Microsoft Called a ‘Sticking Point’ in Dell Buyout
Microsoft has offered to kick in $2 billion or more for equity in the form of convertible preferred securities
By: Maureen O'Gara
Feb. 4, 2013 07:00 AM
The Financial Times claims that Silver Lake's buyout offer for Dell has gone to $15 a share, up from somewhere between $13 and $14.25, if a tablet-induced leveraged buyout can be put together.
Barron's thinks large stockholders are pressing for $20 and the Wall Street Journal says Microsoft's role in the affair is a "sticking point" and "one of several issues being hashed out ahead of a final buyout agreement."
Microsoft has offered to kick in $2 billion or more for equity in the form of convertible preferred securities to take Dell private and is expected to have a say in Dell operations.
The parties are evidently trying to figure how big a sway Redmond would have.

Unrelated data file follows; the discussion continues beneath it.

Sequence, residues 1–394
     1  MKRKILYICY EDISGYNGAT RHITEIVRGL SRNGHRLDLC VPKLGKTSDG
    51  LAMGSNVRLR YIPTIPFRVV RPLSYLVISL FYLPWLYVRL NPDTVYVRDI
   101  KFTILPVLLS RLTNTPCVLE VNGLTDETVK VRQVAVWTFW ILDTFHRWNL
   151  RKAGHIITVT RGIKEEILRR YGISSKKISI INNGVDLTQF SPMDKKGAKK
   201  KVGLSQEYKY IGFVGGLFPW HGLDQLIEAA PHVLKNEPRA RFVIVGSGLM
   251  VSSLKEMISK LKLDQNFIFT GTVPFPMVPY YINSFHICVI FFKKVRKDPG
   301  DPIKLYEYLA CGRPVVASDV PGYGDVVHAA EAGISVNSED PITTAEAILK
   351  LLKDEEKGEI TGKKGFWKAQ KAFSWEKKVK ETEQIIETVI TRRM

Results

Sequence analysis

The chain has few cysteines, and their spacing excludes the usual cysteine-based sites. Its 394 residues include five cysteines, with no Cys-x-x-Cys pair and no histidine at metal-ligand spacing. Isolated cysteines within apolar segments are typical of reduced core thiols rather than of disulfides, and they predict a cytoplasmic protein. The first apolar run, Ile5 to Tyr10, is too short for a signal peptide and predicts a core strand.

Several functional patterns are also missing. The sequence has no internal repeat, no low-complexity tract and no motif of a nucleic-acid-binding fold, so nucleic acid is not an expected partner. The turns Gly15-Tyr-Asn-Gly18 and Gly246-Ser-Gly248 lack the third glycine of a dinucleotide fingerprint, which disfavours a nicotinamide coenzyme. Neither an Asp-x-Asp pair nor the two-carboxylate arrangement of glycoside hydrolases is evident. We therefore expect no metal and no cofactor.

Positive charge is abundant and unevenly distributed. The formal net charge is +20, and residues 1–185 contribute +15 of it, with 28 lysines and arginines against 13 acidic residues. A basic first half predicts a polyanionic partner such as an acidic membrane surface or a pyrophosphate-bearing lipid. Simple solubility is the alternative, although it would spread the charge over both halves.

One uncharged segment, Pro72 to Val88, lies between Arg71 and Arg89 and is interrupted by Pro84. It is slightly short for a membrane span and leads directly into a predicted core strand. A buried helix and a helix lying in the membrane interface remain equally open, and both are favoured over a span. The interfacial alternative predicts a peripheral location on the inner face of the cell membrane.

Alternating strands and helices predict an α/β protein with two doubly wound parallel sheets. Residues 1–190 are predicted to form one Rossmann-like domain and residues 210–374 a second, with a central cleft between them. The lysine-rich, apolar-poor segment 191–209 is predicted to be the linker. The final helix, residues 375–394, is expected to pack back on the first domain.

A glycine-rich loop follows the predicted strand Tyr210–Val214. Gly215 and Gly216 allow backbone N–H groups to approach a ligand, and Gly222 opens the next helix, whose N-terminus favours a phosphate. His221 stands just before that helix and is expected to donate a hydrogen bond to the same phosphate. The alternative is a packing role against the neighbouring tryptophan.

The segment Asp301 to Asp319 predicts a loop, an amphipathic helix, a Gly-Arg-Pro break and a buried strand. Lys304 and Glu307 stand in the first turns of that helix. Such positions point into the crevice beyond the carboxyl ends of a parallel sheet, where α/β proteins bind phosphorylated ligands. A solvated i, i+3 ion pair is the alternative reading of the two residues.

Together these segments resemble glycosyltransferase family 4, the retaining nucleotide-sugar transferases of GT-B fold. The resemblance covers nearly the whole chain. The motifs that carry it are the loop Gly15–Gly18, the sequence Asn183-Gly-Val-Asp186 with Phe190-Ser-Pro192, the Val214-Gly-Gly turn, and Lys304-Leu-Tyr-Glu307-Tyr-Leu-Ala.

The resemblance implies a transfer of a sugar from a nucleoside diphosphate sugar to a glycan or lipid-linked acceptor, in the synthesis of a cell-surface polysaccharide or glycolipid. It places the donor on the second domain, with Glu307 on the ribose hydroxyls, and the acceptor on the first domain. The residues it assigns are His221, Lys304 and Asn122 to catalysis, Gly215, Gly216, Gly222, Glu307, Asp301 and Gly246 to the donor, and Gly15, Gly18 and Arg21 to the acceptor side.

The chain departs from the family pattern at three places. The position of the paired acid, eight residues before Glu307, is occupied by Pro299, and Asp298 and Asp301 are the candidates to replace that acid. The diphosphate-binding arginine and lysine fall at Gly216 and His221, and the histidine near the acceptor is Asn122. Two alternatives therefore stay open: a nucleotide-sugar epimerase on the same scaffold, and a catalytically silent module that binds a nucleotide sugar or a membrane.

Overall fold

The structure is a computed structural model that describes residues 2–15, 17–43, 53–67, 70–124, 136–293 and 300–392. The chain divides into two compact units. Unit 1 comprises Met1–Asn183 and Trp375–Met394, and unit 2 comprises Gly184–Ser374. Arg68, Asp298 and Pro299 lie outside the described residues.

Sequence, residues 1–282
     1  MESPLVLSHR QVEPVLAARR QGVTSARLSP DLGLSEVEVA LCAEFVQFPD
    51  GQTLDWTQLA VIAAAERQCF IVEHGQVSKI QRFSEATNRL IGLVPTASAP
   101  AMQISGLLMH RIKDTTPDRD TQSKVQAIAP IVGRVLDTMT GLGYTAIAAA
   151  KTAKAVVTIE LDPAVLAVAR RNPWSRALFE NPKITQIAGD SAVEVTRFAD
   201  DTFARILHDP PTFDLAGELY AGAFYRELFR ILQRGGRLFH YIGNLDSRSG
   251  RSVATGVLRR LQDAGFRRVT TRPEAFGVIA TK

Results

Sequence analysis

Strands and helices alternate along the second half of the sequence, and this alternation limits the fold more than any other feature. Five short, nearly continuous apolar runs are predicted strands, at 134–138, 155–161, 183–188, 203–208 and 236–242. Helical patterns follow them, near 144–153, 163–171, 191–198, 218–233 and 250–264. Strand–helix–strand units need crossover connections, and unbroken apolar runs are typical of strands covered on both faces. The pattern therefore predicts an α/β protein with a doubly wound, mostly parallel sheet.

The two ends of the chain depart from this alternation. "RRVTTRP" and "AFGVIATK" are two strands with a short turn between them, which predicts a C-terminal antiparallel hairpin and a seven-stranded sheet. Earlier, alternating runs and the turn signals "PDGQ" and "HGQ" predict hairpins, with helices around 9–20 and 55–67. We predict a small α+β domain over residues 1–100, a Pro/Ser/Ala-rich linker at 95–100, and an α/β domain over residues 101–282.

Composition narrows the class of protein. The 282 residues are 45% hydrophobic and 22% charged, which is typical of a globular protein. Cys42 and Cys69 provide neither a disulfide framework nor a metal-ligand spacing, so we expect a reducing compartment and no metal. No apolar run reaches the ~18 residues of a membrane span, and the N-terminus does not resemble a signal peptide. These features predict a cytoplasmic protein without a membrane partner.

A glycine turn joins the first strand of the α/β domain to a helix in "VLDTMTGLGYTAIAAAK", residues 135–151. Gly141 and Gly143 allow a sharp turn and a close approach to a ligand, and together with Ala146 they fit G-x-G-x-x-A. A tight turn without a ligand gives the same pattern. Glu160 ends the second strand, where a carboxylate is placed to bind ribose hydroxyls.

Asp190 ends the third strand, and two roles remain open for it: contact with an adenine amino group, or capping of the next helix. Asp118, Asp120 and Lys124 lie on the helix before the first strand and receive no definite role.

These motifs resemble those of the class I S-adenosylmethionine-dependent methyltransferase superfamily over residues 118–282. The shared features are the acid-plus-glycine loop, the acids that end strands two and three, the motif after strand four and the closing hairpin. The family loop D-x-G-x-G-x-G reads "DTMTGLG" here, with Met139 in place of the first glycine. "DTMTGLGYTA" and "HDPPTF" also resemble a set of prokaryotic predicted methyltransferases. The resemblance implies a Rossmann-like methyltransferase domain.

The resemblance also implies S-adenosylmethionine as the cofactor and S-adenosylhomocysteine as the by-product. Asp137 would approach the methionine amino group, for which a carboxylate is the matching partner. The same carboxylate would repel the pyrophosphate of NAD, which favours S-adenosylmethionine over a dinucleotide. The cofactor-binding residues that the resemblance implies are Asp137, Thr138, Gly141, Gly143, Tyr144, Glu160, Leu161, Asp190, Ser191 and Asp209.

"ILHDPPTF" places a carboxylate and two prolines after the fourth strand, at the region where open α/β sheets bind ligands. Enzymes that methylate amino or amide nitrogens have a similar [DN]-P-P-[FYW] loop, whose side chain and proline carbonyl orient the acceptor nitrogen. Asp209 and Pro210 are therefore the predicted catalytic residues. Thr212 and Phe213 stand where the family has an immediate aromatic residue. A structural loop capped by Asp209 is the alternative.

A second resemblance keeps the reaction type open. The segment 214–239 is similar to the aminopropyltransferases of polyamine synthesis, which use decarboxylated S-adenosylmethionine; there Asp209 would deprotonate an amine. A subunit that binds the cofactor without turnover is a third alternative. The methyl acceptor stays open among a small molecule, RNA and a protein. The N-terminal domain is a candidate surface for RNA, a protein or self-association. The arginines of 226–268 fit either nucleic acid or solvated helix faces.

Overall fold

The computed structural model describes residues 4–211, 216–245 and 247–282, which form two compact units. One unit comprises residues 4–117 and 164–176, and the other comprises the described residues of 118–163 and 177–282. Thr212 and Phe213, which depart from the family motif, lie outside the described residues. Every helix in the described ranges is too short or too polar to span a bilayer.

A sensitive point is how the investment would affect their commercial relationship, which doubtless troubles Dell rivals too. Apparently Microsoft envisions the lion's share of Dell's devices being Windows-based.
The Journal's sources still believe the deal is "on track" and could be announced in the next few days.
The deal would include Michael Dell's 16% position, $15 in debt financing arranged by Silver Lake with at least four reported banks, and equity contributions from both Microsoft and Silver Lake.
Reuters says there's a Plan B in case the buyout falls apart: Dell would do the borrowing and buy back a lot of shares but such a path wouldn't solve the basic problems a buyout is meant to address.
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